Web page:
I struggle with the idea that life happens in seasons.
I understand it, but I don’t live it out very well. Sometimes I find myself in certain seasons — necessary seasons — and immediately want out. Is my family in a place of financial hardship? Must be something we’re doing wrong, not something we need to learn. Is my health worse than usual right now? Again, must be a fault on my part, not a hint that I need to slow down and rest more.
It’s hard to be content when you have something better in mind. But it’s not impossible.
My husband and I made some decisions last year that have made this year challenging for us. I quit my part-time job in finance to pursue writing and stay home with our baby. He started a business. We believed they were the best decisions for our family in the long run, but the responsibilities and financial challenges have made this last year very stressful. (And if I know anything about money, it’s that progress happens very slowly. Sometimes it feels like it’s not happening at all.)
Finding joy in this season of slow progress has been almost impossible at times. But we’re here right now, so I want to be as content as I can.
Are you also in a challenging season of life? How can we add glimpses of joy to each day?
Make your physical space as comfortable as possible.
Before we bought our house, I went through a season of severe discontentment. Suddenly I hated our cute little rental. We didn’t have enough space, everything was dingy and old, and I was tired of asking for permission to do every little thing (like paint the bathroom). Now I look back on our first home together with fondness. It was perfect for us, and I’m embarrassed that I felt dissatisfied and ungrateful for God’s provision for even a moment.
No matter where you’re living right now, even if you hate it, do something to make the space your own and bring you daily joy. Frame your favorite photo, add a cozy blanket to the couch, light a candle every morning, keep fresh flowers by your bed, or spray the interior of your car with peppermint, lavender, or Joy essential oil to make it smell nice. You can even put Batman on the wall. It’s your call.
Focus on what you like about the thing that dissatisfies you.
The big window in your small living room. The pretty paint color in your cluttered bathroom. The flexibility or income your job provides. Make yourself at home in the good things.
Set small daily or weekly goals that don’t seem so far out of reach.
For instance, if you’re trying to pay off a debt or save for a vacation, put an extra $15 or $25 towards it each week. If you’re trying to write a book, aim for a chapter a week instead of a whole book in a month. Tackling any project or goal in smaller chunks will make it more manageable.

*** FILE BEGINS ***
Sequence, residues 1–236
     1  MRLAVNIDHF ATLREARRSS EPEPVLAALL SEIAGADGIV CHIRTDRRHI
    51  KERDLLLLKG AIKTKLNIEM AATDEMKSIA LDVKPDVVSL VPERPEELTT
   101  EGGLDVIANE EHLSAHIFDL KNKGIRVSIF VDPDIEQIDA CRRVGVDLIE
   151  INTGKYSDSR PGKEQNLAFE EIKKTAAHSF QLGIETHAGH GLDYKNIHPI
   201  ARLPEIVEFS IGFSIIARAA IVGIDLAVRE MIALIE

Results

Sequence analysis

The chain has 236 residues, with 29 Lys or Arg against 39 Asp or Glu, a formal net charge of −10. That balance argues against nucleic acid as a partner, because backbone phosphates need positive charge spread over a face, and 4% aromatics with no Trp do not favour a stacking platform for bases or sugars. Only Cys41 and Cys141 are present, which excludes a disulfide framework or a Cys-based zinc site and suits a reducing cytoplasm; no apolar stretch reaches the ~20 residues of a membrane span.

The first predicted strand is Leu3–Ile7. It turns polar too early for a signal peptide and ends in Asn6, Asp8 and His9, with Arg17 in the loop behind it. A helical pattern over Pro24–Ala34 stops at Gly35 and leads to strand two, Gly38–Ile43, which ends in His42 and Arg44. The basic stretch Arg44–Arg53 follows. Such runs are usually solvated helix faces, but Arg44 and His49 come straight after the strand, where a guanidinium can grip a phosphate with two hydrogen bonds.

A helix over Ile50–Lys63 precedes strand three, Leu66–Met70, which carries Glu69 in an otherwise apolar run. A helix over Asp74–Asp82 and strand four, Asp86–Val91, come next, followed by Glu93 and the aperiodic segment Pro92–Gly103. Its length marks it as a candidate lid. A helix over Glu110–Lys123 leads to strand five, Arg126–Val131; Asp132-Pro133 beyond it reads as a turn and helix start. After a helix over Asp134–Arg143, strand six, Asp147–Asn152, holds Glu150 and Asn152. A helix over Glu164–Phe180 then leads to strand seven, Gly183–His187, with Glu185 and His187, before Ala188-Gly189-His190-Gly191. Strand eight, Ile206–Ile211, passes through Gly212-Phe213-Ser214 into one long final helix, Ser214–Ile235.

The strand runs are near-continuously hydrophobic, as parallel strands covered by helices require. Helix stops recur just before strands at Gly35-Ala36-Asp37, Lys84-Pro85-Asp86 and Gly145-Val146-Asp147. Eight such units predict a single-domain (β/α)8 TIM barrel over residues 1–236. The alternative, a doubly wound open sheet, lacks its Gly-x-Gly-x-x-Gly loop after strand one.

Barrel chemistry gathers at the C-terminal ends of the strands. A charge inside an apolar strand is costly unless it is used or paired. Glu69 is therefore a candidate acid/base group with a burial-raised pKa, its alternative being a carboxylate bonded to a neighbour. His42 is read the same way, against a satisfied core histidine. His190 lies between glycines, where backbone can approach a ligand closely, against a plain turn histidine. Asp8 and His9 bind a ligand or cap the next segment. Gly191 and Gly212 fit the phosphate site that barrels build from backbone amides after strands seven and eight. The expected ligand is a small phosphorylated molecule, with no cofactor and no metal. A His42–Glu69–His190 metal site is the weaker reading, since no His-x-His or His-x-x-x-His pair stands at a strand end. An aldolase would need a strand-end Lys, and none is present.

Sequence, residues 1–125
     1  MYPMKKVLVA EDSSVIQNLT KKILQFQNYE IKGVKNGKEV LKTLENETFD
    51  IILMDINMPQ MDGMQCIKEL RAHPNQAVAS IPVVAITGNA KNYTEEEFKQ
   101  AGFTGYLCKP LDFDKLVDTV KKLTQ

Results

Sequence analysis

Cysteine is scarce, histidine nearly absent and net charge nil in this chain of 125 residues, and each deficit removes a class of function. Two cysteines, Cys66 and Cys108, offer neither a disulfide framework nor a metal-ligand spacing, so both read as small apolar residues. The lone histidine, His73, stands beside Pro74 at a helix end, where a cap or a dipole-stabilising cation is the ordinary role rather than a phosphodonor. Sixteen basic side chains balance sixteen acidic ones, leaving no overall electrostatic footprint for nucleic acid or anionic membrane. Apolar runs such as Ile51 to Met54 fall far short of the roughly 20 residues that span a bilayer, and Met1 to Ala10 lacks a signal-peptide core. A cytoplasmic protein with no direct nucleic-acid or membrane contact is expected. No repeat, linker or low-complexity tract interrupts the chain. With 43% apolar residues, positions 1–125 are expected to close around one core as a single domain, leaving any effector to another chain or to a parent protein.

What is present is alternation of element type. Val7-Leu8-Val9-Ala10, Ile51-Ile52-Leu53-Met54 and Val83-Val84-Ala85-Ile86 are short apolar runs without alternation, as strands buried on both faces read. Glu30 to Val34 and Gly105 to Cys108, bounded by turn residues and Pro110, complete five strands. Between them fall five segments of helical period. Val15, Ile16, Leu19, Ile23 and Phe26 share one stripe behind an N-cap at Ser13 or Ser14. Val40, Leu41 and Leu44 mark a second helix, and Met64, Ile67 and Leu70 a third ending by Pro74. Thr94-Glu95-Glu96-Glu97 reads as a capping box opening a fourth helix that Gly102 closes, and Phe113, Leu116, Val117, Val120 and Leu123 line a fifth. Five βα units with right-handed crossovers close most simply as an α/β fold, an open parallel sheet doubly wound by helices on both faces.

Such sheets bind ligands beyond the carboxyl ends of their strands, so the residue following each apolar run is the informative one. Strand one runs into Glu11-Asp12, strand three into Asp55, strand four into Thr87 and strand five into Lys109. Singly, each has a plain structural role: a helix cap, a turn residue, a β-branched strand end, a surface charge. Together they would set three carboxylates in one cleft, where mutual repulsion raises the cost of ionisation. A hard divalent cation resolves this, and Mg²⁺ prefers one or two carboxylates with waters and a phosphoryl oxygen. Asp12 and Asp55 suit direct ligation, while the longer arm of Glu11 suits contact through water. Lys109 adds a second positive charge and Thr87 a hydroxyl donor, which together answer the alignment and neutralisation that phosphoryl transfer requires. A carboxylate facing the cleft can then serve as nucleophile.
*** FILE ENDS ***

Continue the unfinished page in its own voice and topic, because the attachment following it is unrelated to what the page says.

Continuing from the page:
Take good care of yourself.
If you’re eating junk, not exercising, not sleeping enough, and drinking a bottle of champagne every night, you’re going to feel bad, regardless of your circumstances. Your physical health affects your mental state. The better you feel physically, the easier it will be to handle the difficult seasons of life. Taking good care of yourself will help you take good care of your family, too.
Get your mind off of yourself.
This sounds contradictory to my last point, but here’s what I mean: Instead of spending every moment of the day wallowing or worrying (even though it’s tempting, I know), do something nice for someone else every day. Something small. Buy someone coffee, compliment someone, pray for someone, let someone into traffic instead of cutting them off. Ease someone else’s burden, no matter how small it seems.
Make a joy book.
My mom bought me a coloring journal a few months ago when my anxiety was flaring up. Some pages have beautiful, intricate designs to color and other pages are blank for writing. I decided to turn it into my joy book. It’s where I write Bible verses I want to memorize and meditate on and quotes that refresh and encourage me. In dark moments I can open the book and read some of those words aloud to remind myself that God is good and that all of our affairs are in His hands (Luke 12:22-26).
Consider the progress you have made, not how far you have to go.
Maybe you still have a long way to go before you can afford the car, get out of debt, lose fifty pounds, get promoted, or whatever you’re looking forward to. But wait. Put down the box of tissues and resist the urge to hide in bed and binge on Friends reruns for the next two weeks. Giving in to self-pity sounds appealing in the moment, but ultimately you’ll feel worse. Instead, look at the progress you’ve already made. Consider every little baby step. Even if you’ve only saved $100 for the down payment on your dream home, you’re still that much closer than you were before. Stop everything you’re doing right now and list the steps you’ve taken to get wherever you want to go. Done? Good. Now you can go watch an episode (or three).
Slow progress towards anything good can be frustrating, but it’s still better than no progress. I don’t want to wish this phase of life away when there are plenty of things to learn and enjoy.
How do you find joy in your seasons of slow progress? Let me know in the comments!